The Corowa region truly is a sporting mecca. Animal lovers can spend the day horse riding, families can enjoy a game of tennis or if you’re after a moment of peace, there’s nothing more relaxing than rolling out your yoga mat right on the river bank. Whether you want to fuel your competitive spirit or would prefer to spectate, you’ll be sure to fall in love with the plethora of sporting activities on offer.




Why, of course! It wouldn’t be the Murray without a choice of well-tended, challenging courses. Howlong’s 18 holes, Corowa’s 27, and Yarrawonga Mulwala’s 45 holes should be enough for even the most passionate player. 


Find your favourite golf course




If it is bowls that brings you to the Corowa region, then you’ll be spoilt for choice. The towns of Corowa, Howlong and Mulwala are well renowned for their excellent bowling facilities with superbly manicured greens that will challenge even the most discerning players. 


Find out more about Bowling



Treat yourself, family and friends to a game on one of the many manicured grass and synthetic courts located across the region. 

Most of the courts are available for hire or better still, come and compete in the Annual Easter Tennis Tournaments in either Corowa or in neighbouring Yarrawonga, with its 23 top-class courts. 





When you hear the thundering hooves of the thoroughbred meet the fresh turf, racing truly comes alive. What better way to enjoy your stay in the Corowa region than with a day at the country races



Find out more about horseracing




The passion for Australian rules reaches new heights with multiple leagues running across the region.

Spend your winter Saturdays down at the local football ovals and get amongst the action. 





Lake Mulwala was created in 1939 when the Murray River was dammed at the Yarrawonga Weir as part of the Murray-Darling Irrigation Scheme. Prior to this paddle steamers would traverse the Murray as far away as Albury to transport a wide range of general merchandise, including timber, wheat and wool. This river traffic slowly petered out with the arrival of the railway in 1886.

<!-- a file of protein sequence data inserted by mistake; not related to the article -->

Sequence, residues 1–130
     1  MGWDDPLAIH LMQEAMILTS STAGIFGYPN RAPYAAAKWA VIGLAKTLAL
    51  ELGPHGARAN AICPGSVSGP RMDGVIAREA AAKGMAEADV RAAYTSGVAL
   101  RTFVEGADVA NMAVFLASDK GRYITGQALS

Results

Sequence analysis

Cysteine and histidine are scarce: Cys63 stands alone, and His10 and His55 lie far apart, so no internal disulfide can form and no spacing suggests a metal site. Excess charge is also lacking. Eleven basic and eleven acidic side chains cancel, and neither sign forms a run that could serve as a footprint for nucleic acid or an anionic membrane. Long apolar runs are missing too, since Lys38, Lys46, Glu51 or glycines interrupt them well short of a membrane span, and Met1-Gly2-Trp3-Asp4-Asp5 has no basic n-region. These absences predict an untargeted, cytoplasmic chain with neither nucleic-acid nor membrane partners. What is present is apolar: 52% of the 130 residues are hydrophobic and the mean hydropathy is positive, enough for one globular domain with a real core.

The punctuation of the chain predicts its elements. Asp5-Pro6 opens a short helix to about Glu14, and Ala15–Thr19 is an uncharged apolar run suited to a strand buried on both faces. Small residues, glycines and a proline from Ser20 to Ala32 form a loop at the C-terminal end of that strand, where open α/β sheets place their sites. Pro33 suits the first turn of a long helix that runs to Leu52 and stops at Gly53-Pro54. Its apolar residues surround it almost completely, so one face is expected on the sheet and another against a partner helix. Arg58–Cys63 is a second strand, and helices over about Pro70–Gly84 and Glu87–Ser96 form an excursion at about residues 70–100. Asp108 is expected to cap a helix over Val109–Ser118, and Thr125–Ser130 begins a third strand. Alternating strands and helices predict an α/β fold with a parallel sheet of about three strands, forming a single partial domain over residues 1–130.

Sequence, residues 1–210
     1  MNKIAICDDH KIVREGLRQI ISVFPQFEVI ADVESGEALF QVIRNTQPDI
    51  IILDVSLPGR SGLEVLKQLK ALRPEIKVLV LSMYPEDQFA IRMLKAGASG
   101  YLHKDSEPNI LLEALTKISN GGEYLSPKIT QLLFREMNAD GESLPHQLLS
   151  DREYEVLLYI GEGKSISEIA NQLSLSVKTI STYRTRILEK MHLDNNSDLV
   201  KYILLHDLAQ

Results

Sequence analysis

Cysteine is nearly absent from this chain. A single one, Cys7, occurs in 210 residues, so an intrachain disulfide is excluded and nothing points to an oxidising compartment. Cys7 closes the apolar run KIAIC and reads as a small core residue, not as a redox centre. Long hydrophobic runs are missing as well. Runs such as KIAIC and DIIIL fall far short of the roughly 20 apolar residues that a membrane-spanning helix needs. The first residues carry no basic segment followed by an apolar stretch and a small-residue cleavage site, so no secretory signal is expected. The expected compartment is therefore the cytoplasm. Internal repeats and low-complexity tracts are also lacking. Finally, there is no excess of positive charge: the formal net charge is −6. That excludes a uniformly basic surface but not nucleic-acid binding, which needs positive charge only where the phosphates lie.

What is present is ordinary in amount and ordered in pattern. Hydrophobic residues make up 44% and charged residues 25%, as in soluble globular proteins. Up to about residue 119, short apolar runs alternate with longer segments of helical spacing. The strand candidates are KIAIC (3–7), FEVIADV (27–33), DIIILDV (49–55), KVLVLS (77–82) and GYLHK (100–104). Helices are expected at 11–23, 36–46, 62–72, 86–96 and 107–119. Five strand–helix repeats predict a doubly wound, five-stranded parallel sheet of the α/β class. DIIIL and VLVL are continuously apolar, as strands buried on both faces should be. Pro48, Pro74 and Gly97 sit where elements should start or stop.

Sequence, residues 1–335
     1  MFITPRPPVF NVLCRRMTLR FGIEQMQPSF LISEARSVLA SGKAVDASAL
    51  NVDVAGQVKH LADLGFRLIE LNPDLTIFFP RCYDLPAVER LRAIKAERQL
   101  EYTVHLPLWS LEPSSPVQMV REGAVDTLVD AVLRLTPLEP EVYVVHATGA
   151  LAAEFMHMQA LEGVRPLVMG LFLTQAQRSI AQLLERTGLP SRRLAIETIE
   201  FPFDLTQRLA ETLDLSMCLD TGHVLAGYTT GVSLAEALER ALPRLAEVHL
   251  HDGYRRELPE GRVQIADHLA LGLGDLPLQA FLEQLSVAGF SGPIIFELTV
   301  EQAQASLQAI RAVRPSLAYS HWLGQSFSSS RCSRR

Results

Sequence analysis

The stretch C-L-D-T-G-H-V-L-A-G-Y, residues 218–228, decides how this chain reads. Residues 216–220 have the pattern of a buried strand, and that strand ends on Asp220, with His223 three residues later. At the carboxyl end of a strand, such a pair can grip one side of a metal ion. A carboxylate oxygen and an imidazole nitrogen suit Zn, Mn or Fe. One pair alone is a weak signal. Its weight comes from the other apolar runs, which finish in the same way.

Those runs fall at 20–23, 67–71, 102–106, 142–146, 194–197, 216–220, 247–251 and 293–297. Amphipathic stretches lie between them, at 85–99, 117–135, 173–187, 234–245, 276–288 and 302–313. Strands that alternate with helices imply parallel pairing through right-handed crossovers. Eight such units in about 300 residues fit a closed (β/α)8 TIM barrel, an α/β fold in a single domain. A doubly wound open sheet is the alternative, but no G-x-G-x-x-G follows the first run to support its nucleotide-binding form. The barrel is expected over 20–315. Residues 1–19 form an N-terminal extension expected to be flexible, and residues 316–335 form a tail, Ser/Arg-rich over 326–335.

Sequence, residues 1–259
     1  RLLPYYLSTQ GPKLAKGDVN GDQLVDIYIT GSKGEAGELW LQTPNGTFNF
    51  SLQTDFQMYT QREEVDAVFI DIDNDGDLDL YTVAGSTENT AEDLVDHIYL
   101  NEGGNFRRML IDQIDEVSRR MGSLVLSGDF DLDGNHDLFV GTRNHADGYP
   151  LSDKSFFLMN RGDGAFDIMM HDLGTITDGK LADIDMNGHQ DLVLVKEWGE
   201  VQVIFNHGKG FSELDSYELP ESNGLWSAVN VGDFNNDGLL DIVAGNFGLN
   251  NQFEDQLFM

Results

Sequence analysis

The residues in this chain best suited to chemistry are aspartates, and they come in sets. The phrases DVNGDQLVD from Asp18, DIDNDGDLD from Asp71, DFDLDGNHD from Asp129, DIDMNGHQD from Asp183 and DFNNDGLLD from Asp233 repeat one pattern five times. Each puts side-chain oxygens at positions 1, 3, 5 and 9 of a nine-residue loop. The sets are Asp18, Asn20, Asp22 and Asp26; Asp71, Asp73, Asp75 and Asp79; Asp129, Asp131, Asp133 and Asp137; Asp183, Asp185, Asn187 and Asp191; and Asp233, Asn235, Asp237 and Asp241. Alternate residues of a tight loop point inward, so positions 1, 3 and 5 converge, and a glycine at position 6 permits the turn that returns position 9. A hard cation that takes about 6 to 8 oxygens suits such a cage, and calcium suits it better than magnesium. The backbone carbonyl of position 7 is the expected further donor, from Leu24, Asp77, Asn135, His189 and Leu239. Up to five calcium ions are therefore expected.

In 1842, explorer Hamilton Hume assisted his sister-in-law, Elizabeth Hume to form the ‘Yarrawonga Run’.
Built on a sand hill by a lagoon near the Murray River, Elizabeth was the first European to live in north east Victoria. She moved to the area with her nine children, after her husband John Hume was killed by bushrangers in Gunning. Elizabeth named her home ‘Byramine’, meaning ‘rustic retreat’. The design of the house is unique, due to the octagonal central room, or ‘the fortress’, which ensured a clear view out all windows, in case of attack. The homestead remains in its original condition, and is open to the public.


The Yarrawonga Weir was built to raise the water level in the Murray River to ensure diversion of water via gravity. Diversion of water is via two major channels, the Mulwala Canal and the Yarrawonga Main Channel. The Mulwala Canal is 2,880 kilometres long and is the largest irrigation canal in the southern hemisphere, spreading across the southern Riverina plain to Deniliquin and suppling water to 700,000 hectares. The Yarrawonga Main Channel is 957km long and services the Murray Valley irrigation region, from Yarrawonga to Barmah. It supplies water to 128,000 hectares.


Lake Mulwala Facts
Storage capacity = 117,500 mega litres (1/4 of Sydney Harbour)
Area = 4,450 hectares
Length = 489 metres
Distance from Murray source = 528 km
Distance from Murray mouth = 1,992 km
Full supply above river bed = 14.2 metres
Full supply above sea level = 124.9 metres


Lake Mulwala still provides a critical role in the supply of irrigation water and it remains the largest single diversion point for irrigation water on the entire Murray River. However, the lake is now much more than simple water storage, and it has transformed the twin towns of Yarrawonga and Mulwala into very popular holiday destinations with a booming tourism industry. The lake is a recreational haven for a myriad of water-based activities including water skiing, wakeboarding, boating, fishing, swimming, sailing and wind surfing.